Maryland Alzheimer’s Abuse Lawyers
Alzheimer’s disease is one of the most common reasons for entering a loved one into a nursing home in Maryland. You absolutely trust that the standard of care is up to par and your parent, sibling, family member is safe. This is not always the case as Alzheimer’s abuse is common in MD assisted living homes, long term care facilities, hospice settings, rehabilitation centers, convalescent homes and group homes. If you suspect that a loved one has been the victim of Alzheimer’s abuse you need the help of our Maryland Alzheimer’s abuse lawyers.
Do not wait another second to contact our team of Towson, Maryland Alzheimer’s abuse lawyers for a free case exam. Our Baltimore convalescent home injury attorneys will make all liable parties for your loved ones abuse, physical injuries, mental injuries, pain and suffering.
Maryland Alzheimer’s Abuse Facts
There are more than 5 million senior citizens in the United States living with Alzheimer’s Disease. The state of Maryland is home to more than 250 skilled nursing facilities, nursing homes, convalescent homes, rehabs, adult day cares and group homes. Every single facility has a resident with There are several different types of Alzheimer’s abuse and many MD nursing homes have been sued at one time or another for Alzheimer’s abuse. As with all types of abuse females are at a higher risk than males. Also, minority females of African American or Hispanic descent are victimized more than Caucasian women, No matter what race, gender or ethnicity your loved one is our Baltimore, Maryland Alzheimer’s abuse lawyers will protect their rights and get them the benefits, care and compensation they deserve.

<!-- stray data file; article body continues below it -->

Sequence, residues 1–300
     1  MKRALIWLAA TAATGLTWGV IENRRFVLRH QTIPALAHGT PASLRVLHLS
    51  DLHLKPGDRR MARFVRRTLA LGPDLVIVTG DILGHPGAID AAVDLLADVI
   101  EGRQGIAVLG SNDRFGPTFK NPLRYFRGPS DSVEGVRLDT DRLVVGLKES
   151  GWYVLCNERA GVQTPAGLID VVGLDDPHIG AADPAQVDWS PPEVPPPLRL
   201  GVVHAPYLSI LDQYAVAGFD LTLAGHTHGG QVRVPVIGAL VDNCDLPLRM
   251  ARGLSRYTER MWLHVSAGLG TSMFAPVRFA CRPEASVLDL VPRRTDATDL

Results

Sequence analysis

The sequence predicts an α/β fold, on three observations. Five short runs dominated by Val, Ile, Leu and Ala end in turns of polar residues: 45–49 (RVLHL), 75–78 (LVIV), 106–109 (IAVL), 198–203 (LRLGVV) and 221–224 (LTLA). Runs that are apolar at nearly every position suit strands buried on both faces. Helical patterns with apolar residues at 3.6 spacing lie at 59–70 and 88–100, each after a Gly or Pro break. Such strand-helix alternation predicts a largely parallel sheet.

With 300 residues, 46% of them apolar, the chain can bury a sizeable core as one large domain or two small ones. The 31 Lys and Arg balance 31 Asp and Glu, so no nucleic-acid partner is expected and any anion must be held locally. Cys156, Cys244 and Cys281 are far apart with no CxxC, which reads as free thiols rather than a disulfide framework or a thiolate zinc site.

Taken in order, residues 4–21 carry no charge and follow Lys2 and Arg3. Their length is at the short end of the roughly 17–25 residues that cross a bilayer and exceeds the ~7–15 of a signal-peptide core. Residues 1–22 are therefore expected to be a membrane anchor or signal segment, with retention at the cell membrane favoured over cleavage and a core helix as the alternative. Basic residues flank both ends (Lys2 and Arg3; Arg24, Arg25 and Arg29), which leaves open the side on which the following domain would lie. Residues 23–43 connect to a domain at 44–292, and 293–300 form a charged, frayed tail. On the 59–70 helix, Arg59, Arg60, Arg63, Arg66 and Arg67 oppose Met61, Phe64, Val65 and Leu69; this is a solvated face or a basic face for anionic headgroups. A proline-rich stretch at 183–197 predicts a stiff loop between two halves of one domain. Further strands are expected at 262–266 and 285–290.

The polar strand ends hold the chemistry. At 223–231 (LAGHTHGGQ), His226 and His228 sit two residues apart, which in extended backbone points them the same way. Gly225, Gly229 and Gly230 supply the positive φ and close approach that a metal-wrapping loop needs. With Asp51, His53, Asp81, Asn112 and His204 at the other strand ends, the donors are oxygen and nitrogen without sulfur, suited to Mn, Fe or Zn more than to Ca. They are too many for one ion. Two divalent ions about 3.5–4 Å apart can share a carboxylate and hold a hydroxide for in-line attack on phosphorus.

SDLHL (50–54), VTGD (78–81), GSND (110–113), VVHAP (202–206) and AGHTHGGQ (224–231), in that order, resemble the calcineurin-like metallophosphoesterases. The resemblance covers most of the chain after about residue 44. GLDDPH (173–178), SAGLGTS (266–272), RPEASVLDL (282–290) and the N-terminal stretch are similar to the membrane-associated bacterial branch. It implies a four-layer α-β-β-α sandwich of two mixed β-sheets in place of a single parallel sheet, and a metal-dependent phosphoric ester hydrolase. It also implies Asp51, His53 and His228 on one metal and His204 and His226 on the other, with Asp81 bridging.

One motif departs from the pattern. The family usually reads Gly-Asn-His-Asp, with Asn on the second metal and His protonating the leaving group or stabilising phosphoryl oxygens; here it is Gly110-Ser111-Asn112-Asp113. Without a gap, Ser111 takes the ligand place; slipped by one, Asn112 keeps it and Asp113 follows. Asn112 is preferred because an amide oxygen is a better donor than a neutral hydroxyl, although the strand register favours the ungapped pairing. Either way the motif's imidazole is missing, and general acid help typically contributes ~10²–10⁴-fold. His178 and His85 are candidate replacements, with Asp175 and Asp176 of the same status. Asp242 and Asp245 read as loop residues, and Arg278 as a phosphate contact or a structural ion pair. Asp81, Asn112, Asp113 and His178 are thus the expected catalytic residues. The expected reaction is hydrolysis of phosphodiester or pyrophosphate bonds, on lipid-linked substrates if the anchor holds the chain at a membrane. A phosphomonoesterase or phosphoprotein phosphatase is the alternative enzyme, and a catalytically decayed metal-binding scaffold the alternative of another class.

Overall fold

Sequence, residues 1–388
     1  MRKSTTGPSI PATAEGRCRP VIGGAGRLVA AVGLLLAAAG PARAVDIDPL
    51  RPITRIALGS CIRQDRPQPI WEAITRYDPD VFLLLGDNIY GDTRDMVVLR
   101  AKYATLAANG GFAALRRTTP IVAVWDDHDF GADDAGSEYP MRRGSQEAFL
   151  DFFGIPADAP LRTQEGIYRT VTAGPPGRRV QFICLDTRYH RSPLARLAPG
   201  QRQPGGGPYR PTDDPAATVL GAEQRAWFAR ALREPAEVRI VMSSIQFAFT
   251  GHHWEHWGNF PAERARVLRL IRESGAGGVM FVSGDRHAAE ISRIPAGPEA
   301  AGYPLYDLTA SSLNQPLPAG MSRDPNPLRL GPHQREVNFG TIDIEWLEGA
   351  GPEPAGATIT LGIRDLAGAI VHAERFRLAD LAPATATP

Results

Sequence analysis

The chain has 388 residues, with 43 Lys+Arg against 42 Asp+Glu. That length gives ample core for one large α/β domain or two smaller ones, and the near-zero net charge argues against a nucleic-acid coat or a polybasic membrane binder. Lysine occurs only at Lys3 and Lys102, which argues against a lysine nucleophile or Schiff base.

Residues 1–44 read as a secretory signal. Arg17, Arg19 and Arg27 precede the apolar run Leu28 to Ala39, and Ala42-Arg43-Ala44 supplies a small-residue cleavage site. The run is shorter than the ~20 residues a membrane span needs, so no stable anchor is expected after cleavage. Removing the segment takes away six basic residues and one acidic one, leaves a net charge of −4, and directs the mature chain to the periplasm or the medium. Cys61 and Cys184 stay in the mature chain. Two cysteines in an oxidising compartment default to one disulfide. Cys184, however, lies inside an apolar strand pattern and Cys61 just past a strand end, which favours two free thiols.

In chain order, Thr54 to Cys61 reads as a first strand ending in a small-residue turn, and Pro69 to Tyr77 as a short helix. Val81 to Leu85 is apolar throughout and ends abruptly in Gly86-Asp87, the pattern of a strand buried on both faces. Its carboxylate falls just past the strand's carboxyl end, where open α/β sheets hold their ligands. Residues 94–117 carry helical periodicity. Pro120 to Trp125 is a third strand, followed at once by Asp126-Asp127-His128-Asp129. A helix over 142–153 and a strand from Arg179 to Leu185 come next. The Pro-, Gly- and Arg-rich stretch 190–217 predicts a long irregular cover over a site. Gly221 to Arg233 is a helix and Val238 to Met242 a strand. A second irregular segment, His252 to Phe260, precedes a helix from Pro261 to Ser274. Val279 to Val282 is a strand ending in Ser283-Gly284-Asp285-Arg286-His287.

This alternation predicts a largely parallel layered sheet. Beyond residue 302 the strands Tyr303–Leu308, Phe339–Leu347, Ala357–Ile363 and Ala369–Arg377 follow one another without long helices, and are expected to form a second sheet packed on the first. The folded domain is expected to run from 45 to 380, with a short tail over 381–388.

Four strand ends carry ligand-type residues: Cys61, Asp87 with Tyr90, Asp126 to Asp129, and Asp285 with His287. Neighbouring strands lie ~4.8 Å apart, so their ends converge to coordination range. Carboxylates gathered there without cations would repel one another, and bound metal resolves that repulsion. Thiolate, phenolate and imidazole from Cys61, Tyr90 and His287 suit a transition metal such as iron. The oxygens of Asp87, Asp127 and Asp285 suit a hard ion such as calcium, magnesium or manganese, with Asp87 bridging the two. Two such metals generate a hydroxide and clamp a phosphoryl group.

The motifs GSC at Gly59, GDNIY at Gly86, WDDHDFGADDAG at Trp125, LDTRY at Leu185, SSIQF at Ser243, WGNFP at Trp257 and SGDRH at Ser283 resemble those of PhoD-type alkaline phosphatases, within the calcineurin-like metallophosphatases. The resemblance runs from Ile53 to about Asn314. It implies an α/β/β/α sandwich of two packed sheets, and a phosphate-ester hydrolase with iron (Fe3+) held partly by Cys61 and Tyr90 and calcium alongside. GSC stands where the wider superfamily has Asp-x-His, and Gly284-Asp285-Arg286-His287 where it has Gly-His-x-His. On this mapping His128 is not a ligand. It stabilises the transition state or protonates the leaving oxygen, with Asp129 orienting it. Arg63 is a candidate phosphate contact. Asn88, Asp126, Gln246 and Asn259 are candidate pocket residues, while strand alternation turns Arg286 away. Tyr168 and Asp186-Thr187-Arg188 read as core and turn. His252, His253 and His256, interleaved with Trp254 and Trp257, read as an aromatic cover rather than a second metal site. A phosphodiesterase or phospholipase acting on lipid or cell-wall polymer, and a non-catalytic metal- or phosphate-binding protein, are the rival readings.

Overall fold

Types of Alzheimer’s Abuse
Abuse of all types in Maryland nursing homes comes in many forms:
- Physical abuse resulting in physical pain and or injury
- Emotional abuse including verbal assaults, threats of abuse, harassment and intimidation
- Nursing home neglect which is a failure to provide necessities, including food, clothing, shelter, medical care or a safe environment
- Confinement or unnecessarily restraining or isolating the person
- Financial abuse involving the misuse or withholding of the person’s financial resources (money, property) to his or her disadvantage or the advantage of someone else
- Sexual abuse which can be defined as touching, groping, fondling or any sexual activity when the person is unable to understand, unwilling to consent, threatened or physically forced
- Willful deprivation by intentionally denying the person medication, medical care, food, shelter or physical assistance, and thereby exposing the individual with Alzheimer’s to the risk of physical, mental or emotional harm
- Self neglect: Due to lack of insight and cognitive changes, a person with dementia or Alzheimer’s may be unable to safely and adequately provide for day-to-day needs, and may be at risk for harm, falls, wandering and/or malnutrition.
Signs Of Alzheimer’s Abuse In MD Nursing Homes
One sign or symptom of abuse does not necessarily indicate abuse. They are cause for alarm however as they are indicative of the standard of care your loved one is receiving. Signs that there may be a problem include the following: